Brookhaven National Laboratory (BNL) is home to one of the world’s premier particle accelerators where two beams of heavy ions are spun in separate rings at nearly the speed of light and are then collided together to create a huge burst of energy equal to 4 trillion degrees Celsius, about 250,000 times hotter than the center of the Sun…
The collision started on The Crooked Road, as a collection of musicians from the southwestern part of Virginia’s Appalacian Mountains accelerated into town on Friday night March 26 with enough energy to get hundreds of feet tapping and hands clapping to the beat of their down home bluegrass and old time music.
Amazingly, the group had never played together until the day before their appearance at BNL. Not surprisingly, occasionally it wasn’t clear who was supposed to play next or what tunes they would play and at one point Linda quickly realized that the key they started in was too low for her range, requiring they take it from the top. In this sense the evening resembled an informal jam session but that just added to the fun. Once the music began however, the collective talent assembled on stage left the crowd in awe.
Jon Lohman, the Folklorist for the State of Virginia served as the emcee, kept the evening rolling with his droll banter, and did a remarkable job filling in on vocals and harmonica for one of the musicians (Jonny Clutch) who was allegedly recuperating from an unfortunate accident. His voice and harmonica sounded remarkably close to the Jonny Clutch and the Jambusters CD and the photo of Clutch in the program looked suspiciously like James Dean, leading many to conclude that Jonny was, in fact Jon’s alter ego. Jeremy Stephans (banjo), Danny Knicely (mandolin), and Nate Leath (fiddle) started the evening rolling with an electrifying uptempo instrumental that showed off their incredible individual technical skills. Linda Lay (bass) and her husband David (guitar) then followed with several ballads featuring Linda’s crystal clear, sweet voice.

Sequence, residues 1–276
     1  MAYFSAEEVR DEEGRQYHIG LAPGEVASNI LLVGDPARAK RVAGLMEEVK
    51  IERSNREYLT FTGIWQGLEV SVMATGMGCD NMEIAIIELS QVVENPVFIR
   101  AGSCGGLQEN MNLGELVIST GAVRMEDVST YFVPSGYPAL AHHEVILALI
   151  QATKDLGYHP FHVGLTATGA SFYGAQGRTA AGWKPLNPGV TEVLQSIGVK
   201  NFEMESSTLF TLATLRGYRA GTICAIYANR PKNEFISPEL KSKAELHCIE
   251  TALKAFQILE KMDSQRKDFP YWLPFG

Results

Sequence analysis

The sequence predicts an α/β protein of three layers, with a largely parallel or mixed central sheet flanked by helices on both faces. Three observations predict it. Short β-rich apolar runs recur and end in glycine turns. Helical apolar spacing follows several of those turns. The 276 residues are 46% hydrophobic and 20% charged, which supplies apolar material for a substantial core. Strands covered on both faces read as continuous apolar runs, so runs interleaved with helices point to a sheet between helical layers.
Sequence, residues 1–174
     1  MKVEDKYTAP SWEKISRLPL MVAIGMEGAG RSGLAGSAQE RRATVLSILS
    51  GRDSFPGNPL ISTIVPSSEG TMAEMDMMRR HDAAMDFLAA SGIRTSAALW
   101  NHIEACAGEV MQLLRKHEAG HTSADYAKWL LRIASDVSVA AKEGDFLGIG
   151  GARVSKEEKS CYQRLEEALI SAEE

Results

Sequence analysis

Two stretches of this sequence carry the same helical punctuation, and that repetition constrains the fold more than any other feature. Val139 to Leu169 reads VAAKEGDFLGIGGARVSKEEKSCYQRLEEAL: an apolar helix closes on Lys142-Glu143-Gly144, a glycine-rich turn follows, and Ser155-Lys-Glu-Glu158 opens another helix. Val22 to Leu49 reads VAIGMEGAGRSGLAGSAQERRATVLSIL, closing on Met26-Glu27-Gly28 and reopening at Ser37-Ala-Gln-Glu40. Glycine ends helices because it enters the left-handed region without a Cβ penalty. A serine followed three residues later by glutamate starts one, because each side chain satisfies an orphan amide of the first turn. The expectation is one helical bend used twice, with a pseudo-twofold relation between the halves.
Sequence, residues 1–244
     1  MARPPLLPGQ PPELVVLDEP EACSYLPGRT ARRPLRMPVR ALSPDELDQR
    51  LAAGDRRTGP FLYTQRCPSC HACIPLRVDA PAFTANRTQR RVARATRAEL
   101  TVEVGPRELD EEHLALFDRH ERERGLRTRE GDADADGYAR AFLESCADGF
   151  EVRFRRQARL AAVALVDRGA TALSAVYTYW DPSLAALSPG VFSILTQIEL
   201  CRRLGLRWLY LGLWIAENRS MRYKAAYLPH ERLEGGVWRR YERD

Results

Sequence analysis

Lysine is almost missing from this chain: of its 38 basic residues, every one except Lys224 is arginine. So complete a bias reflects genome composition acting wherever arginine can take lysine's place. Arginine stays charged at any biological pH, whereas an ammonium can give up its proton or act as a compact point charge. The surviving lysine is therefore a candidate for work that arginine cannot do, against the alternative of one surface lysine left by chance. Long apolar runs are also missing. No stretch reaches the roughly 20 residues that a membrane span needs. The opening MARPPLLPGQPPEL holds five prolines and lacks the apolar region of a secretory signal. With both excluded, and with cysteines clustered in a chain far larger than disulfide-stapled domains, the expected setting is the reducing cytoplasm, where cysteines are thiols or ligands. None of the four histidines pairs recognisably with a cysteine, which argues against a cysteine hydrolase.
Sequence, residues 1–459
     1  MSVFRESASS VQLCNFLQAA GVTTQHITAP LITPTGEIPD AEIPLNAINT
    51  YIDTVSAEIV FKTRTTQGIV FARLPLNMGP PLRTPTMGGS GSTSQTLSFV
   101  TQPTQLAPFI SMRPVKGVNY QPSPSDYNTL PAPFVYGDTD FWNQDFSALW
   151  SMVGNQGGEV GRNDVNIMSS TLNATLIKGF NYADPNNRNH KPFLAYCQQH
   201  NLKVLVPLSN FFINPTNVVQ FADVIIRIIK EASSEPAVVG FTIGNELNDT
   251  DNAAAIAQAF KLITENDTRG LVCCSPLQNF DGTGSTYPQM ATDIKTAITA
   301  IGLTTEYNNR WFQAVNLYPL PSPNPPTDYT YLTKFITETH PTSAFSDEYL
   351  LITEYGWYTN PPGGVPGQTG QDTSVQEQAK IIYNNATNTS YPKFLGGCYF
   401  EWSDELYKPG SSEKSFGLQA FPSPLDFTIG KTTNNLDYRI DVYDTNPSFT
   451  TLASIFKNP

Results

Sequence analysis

The remainder of the evening included various combinations of the musicians, ranging from Linda’s pure and powerful a capella vocal to all six musicians playing and singing together. They displayed amazing versatility… Jeremy doubled on guitar, Linda switched to autoharp, Danny tripled on guitar and fiddle, and Nate put down his fiddle for a rolling, room service steam table cart on which he played percussion. Linda and Danny even showed off some remarkable traditional Appalachian dance steps including two distinct styles known as flat footing and back stepping. Long Island’s own Buddy Merriam, friend and disciple of bluegrass legend Bill Monroe, made a special surprise guest appearance joining in for several numbers highligting his fine mandolin picking. (continue to Part II)